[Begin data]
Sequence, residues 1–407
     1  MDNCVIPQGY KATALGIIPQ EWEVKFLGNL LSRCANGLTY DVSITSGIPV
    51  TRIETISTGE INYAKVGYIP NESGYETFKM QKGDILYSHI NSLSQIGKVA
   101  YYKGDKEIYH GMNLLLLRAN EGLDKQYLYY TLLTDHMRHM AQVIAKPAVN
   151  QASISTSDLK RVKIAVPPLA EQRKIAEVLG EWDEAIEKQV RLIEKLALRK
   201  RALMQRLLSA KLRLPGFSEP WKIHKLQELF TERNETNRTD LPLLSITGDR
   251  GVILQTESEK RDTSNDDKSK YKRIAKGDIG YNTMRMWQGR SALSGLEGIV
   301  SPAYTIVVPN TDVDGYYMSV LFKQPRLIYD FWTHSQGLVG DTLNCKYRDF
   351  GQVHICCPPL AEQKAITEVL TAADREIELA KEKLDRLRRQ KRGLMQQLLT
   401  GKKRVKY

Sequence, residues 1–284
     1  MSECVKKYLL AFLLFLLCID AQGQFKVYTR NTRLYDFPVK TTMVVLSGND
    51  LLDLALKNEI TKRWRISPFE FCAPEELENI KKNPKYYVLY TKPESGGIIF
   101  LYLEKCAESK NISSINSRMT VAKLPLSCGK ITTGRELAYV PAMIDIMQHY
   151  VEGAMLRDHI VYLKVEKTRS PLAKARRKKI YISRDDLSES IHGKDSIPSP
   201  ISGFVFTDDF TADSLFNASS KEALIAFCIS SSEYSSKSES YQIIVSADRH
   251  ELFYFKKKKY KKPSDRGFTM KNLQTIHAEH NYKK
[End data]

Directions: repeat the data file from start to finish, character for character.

Sequence, residues 1–407
     1  MDNCVIPQGY KATALGIIPQ EWEVKFLGNL LSRCANGLTY DVSITSGIPV
    51  TRIETISTGE INYAKVGYIP NESGYETFKM QKGDILYSHI NSLSQIGKVA
   101  YYKGDKEIYH GMNLLLLRAN EGLDKQYLYY TLLTDHMRHM AQVIAKPAVN
   151  QASISTSDLK RVKIAVPPLA EQRKIAEVLG EWDEAIEKQV RLIEKLALRK
   201  RALMQRLLSA KLRLPGFSEP WKIHKLQELF TERNETNRTD LPLLSITGDR
   251  GVILQTESEK RDTSNDDKSK YKRIAKGDIG YNTMRMWQGR SALSGLEGIV
   301  SPAYTIVVPN TDVDGYYMSV LFKQPRLIYD FWTHSQGLVG DTLNCKYRDF
   351  GQVHICCPPL AEQKAITEVL TAADREIELA KEKLDRLRRQ KRGLMQQLLT
   401  GKKRVKY

Sequence, residues 1–284
     1  MSECVKKYLL AFLLFLLCID AQGQFKVYTR NTRLYDFPVK TTMVVLSGND
    51  LLDLALKNEI TKRWRISPFE FCAPEELENI KKNPKYYVLY TKPESGGIIF
   101  LYLEKCAESK NISSINSRMT VAKLPLSCGK ITTGRELAYV PAMIDIMQHY
   151  VEGAMLRDHI VYLKVEKTRS PLAKARRKKI YISRDDLSES IHGKDSIPSP
   201  ISGFVFTDDF TADSLFNASS KEALIAFCIS SSEYSSKSES YQIIVSADRH
   251  ELFYFKKKKY KKPSDRGFTM KNLQTIHAEH NYKK